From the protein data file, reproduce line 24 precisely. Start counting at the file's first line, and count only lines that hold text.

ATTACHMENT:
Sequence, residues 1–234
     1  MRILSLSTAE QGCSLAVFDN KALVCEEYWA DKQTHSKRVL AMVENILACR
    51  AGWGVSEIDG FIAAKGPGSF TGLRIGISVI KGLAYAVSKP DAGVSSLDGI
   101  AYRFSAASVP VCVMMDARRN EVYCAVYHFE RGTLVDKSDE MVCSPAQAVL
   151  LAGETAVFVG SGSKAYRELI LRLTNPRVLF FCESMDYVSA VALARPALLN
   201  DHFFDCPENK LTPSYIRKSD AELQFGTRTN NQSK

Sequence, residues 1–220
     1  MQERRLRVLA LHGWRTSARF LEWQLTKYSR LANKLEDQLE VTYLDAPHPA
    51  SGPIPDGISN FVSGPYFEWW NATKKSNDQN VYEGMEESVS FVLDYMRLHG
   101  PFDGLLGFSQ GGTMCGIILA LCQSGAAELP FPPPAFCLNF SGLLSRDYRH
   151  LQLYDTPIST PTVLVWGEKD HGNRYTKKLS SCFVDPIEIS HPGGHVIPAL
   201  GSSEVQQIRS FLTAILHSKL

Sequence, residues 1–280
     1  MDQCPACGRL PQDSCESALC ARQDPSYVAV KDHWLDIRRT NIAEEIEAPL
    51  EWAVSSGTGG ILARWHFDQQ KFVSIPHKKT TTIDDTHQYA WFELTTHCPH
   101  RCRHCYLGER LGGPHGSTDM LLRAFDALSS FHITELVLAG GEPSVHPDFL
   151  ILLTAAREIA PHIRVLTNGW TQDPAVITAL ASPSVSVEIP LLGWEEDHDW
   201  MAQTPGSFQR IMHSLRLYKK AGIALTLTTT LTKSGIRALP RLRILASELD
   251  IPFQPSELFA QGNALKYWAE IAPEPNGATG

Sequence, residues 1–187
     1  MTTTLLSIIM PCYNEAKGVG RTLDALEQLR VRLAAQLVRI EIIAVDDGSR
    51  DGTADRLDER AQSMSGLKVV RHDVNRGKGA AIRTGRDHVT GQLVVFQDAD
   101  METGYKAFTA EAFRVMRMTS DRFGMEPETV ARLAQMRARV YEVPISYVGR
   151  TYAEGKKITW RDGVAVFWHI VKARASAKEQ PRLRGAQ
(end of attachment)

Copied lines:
   151  TYAEGKKITW RDGVAVFWHI VKARASAKEQ PRLRGAQ